Daly City houses first national Hep B Screening for the Burmese community

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ALC staff member draws blood to test for Hep B

On Saturday, October 9, the United States Burma Medical Association (USBMA) of Northern California and the Asian Liver Center (ALC) at Stanford held the first local and national Hepatitis B Screening dedicated to the Burmese community at Serramonte Del Rey in Daly City. The event was funded by Gilead Sciences, a pharmaceutical company actively involved in the research for treatment of Hep B.

The ALC, which conducted the screenings, ran a total of 149 blood tests, which is 99-percent of the program’s intended goal to screen 150 individuals.

“This was a very successful health event as the first free Hepatitis B Screening Program among Burmese-Americans who live in San Francisco and the Bay Area,” said Dr. Patrick Aung, Vice President of USBMA.

Daly City Burmese community members listen to Hep B health education

In addition to screenings, the program also provided health education, quizzes, and free gifts for attendees. Opposite the screening room, volunteer doctors and personnel discussed the different issues regarding Hep B, including the anatomy and physiology of a normal liver, clinical signs and symptoms of the disease, common modes of transmission, and serious complications of Hep B, like liver cancer.

Hep B currently affects one out of every 10 Asians in the U.S., as opposed to one out of every 1000 non-Asians. According to the U.S. Department of Health Services (USDHS), the Burmese population is highly at-risk, with about 15-percent of the Burmese population worldwide infected with chronic Hep B. Further research by the USDHS shows that Hep B surface antigen carrier rates are 40 times greater in the tropical regions, like Burma, than in the West.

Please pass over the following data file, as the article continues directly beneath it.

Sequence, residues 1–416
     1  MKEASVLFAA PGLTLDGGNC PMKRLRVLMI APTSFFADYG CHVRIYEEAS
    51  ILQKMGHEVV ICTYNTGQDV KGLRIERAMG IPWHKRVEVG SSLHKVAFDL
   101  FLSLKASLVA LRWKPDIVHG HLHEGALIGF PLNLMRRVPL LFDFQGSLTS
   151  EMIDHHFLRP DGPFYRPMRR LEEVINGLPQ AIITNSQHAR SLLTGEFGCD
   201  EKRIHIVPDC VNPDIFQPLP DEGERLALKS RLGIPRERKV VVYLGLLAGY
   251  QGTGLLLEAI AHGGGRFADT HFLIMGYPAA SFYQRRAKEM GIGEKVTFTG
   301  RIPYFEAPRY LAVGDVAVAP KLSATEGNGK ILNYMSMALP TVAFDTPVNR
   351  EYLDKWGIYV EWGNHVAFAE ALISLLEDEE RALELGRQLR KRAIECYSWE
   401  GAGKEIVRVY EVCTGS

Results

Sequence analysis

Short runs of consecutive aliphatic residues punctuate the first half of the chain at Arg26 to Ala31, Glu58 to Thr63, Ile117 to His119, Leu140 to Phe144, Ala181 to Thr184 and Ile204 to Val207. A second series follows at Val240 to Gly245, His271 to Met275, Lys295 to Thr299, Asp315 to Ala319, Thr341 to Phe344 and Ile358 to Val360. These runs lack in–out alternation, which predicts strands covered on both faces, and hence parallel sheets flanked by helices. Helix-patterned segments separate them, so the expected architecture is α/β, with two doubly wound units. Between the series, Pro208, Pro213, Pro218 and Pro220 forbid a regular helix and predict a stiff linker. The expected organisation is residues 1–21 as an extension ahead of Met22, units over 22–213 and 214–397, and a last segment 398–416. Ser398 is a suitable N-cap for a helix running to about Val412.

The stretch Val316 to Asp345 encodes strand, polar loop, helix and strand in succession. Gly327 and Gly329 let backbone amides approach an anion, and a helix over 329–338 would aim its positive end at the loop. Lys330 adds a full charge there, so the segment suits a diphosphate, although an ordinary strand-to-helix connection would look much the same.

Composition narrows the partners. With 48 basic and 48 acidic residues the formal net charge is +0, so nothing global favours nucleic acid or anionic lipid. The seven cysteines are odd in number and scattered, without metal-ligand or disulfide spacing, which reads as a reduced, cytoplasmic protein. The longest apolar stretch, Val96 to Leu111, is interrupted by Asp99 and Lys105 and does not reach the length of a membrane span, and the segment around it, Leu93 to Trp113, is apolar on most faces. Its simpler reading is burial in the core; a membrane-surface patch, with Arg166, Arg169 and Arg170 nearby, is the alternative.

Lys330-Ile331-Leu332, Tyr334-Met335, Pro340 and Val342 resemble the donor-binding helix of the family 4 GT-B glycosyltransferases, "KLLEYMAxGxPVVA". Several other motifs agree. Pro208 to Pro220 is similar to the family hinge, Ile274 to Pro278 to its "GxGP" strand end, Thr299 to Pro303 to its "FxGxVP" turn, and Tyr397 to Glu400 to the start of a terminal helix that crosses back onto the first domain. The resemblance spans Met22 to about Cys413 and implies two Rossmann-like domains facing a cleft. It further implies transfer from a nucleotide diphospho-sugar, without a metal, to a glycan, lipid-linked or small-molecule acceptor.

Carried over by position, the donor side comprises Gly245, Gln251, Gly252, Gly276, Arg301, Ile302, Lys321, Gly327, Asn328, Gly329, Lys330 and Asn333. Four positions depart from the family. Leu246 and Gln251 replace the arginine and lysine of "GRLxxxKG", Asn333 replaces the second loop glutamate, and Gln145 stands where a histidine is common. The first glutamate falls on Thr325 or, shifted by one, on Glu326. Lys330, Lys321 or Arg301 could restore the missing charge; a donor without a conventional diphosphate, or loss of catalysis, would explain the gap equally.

Dr. Aung shares vital information about Hep B

“We [the Burmese-American community] all are aware of Hep B,” said Dr. Aung. “But most of them do not have knowledge of its complications, such as chronic Hepatitis, liver cancer (which is more dangerous than HIV), and its nature as a ‘silent killer.’”

USBMA plans to continue their mission to screen and educate the Burmese community in the Bay Area by turning the screening program into a regular event.

“We have a plan to do this every six months for the rest of the Burmese community, but we will change the place from Daly City to the Fremont area. It all depends on grants and feasibility,” said Dr. Aung. “Eventually, we would like to cover the whole Bay Area to include Oakland, Fremont, and San Jose.”

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